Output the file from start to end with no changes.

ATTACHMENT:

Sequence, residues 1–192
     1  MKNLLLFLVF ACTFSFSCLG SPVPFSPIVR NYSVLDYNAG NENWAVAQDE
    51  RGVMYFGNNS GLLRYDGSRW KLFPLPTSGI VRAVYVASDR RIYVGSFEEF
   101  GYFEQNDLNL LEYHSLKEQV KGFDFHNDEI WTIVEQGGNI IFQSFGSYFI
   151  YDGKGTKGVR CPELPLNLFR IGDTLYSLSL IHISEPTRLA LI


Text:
Sequence, residues 1–192
     1  MKNLLLFLVF ACTFSFSCLG SPVPFSPIVR NYSVLDYNAG NENWAVAQDE
    51  RGVMYFGNNS GLLRYDGSRW KLFPLPTSGI VRAVYVASDR RIYVGSFEEF
   101  GYFEQNDLNL LEYHSLKEQV KGFDFHNDEI WTIVEQGGNI IFQSFGSYFI
   151  YDGKGTKGVR CPELPLNLFR IGDTLYSLSL IHISEPTRLA LI